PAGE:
Second Judicial District Court Historical Perspective

Goodwin
Charles C Goodwin

JUDGE CHARLES C. GOODWIN

(1864-1866)

C. C. Goodwin was born in the Genesee Valley, New York State, a few miles from Rochester. He received and academic education, and became a wonderfully proficient mathematician-had most of the English classics at his tongue's end when a boy, but could never surmount the barriers which lay between him and the dead languages.

In 1852 he came to California and studied law under his brother, Jesse Goodwin, in Marysville, where ha afterwards became teacher in an academy. He practiced law and taught school until 1861, when he came to Nevada and built a quarts mill a few miles below Dayton, putting a small fortune into its construction. When the mill was nearly completed the owner announced a "warming," and was making preparations to celebrate the event after the manner of the sage-brush, when a freshet swept it away, with his fortune, a wreck. At the same time six of his men were drowned, one of them leaving an orphan boy to the cruel charity of the world. Mr. Goodwin adopted the boy, who now holds the position of Lieutenant in the Regular Army. His kind care and providence for the future of that child speaks of a generous, loyal nature, true and unflinching in its instincts, louder and with a more certain sound than would a volume of eulogy.

Selling the dismantled machinery of the mill he paid off such of his men as were left, and with a few hundred dollars in his pockets put up an arastra at Dayton. This venture was a failure, and the subject of this sketch left Dayton a long way behind. He says that when he failed he owed less than $1,000, but since then he thinks that he has paid out at least $1,000,000 on old promissory notes and due bills. Since that time he has never put his head financially above water that one of those compounded interest-bearing notes or due bills did not come from secluded spot to greet him, as the ghost of Banquo to Macbeth. His bad luck seemed to follow him like a shadow. He started a ranch in Washoe County, and a lawsuit twenty miles away cut off the water supply with an injunction, and he left the ranch a howling wilderness. Shortly afterward he was elected District Judge of Washoe County, and edited a paper at Reno. He next located a mine in Eureka, and just as his friends were expecting to see him blossome into a millionaire, the mine gave out and left him in the lurch again. Another mine opened in Nye County treated him with the same lack of devotion to his interests. He then returned to the newspaper business, where he really belonged, and for six years ran the ENTERPRISE, for a while as editor-in-chief and a portion of the time in connection with Congressman Rollin M. Daggett. The Judge edited the paper with a vigor that made its influence felt in Nevada, and it was recognized as a journal controlled by a man of brains and culture. While he was editor the ENTERPRISE had nothing but gall and wormwood for the unreconstructed Bourbons. In 1880 he left that paper to accept a position as editor-in-chief of the Salt Lake TRIBUNE, where he still remains.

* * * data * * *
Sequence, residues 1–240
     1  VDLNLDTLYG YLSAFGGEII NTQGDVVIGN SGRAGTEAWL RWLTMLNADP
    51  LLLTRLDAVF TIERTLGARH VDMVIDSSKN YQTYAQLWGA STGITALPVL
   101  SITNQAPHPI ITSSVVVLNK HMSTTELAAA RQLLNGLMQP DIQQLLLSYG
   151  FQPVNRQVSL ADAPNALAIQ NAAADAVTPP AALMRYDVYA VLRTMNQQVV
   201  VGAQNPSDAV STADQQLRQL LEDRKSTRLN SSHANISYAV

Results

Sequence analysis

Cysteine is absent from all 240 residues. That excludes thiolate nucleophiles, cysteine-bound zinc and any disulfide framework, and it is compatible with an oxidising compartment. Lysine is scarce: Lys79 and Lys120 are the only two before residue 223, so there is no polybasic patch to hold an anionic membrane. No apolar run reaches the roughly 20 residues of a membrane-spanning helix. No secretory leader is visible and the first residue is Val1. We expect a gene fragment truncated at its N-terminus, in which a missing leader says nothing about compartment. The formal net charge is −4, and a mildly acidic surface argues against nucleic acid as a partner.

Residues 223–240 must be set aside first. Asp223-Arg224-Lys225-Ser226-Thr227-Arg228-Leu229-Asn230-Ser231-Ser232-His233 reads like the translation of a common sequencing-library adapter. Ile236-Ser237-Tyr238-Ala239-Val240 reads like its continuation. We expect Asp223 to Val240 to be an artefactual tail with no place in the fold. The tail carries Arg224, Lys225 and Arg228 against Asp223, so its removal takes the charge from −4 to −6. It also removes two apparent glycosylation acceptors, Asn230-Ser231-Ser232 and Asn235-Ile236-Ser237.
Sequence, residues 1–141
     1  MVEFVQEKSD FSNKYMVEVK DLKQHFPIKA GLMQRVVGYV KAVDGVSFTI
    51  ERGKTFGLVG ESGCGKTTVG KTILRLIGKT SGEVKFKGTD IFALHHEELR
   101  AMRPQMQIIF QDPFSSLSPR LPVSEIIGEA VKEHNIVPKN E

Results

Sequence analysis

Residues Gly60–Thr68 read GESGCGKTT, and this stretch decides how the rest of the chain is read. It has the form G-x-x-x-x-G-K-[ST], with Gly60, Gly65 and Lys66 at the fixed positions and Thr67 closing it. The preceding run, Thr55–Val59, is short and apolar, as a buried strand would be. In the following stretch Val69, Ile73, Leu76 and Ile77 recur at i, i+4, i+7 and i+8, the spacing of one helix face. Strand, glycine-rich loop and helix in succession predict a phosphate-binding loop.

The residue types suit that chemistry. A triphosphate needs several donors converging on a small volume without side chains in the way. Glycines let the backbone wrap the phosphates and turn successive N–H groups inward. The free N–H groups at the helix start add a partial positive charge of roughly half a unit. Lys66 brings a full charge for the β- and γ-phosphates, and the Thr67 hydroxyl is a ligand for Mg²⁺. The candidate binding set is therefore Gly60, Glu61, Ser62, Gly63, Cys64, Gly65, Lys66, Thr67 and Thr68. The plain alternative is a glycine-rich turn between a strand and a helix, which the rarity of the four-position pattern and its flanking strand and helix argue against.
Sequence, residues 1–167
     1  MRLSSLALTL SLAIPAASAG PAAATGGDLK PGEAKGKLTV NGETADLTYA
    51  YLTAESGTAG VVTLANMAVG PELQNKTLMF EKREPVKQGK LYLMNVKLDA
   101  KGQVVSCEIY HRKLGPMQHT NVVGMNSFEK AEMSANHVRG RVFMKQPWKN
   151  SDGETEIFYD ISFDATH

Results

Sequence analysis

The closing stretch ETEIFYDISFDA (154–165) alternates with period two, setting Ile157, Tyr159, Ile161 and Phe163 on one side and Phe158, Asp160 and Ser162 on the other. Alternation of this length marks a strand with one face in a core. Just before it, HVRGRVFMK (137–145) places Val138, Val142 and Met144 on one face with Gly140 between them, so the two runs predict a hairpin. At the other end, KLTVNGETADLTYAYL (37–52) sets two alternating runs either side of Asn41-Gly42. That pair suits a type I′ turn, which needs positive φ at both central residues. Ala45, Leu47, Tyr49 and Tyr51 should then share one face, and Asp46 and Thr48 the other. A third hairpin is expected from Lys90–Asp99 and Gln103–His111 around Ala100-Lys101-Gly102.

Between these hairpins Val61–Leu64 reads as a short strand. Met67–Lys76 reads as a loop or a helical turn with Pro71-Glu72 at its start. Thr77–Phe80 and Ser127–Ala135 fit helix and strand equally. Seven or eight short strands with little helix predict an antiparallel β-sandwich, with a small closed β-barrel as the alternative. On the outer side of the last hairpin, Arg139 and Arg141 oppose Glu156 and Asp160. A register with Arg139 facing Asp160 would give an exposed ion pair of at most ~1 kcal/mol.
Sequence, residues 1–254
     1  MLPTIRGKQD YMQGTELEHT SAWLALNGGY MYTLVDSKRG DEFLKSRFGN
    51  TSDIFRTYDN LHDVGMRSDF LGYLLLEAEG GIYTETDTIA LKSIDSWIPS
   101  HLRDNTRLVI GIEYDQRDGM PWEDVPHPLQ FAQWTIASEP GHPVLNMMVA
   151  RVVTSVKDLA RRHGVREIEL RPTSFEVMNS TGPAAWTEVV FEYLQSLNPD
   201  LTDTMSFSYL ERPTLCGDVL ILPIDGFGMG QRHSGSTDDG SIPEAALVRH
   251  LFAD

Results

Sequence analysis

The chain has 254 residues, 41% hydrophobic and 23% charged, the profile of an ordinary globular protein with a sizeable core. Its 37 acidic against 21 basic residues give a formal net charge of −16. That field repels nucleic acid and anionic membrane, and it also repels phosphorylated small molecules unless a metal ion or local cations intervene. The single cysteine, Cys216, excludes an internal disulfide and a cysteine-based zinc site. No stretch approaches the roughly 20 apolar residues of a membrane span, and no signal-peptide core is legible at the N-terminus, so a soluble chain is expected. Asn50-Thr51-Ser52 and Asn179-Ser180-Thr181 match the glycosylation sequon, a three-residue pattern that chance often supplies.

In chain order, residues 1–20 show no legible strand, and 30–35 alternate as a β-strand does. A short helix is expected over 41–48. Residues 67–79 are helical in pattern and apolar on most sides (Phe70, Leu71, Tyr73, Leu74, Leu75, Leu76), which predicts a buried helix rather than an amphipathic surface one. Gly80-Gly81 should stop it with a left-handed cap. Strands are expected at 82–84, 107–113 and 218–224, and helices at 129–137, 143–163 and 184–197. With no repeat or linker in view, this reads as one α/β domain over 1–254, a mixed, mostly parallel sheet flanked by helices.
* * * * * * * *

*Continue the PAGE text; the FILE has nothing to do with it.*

In private life Goodwin is a conversationalist such as one seldom meets, and his fund of quaint humor, ready repartee and good stories, seems inexhaustible. His home is always open to his friends, and hir purse at the mercy of every old tramp, dead-beat and imposter who calls upon him for assistance, as he could no more resist an appeal for charity than he could change the attributes of his nature.

Harry R. Mighels, in the Carson APPEAL of November 12, 1878, pays the following, in our judgement, just tribute to Judge Goodwin's editorial labor and talents:---

In the history of Nevada journalism no such brilliant and effective assaults were ever made by any newspaper upon the enemy's line as Goodwin has been making. His splendid services should be most generously remembered; and he has, while making an enviable reputation for himself, placed the ENTERPRISE in the front rank of live and powerful political newspapers. The people of the State have a right to be proud of their leading daily print, as his brethren of the pen-and-scissors have a right to glory in the achievements of their overworked but unflinching and faithful brother. The APPEAL gives him all hail!
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Second Judicial District Court
75 Court St.
Reno, Nevada, 89501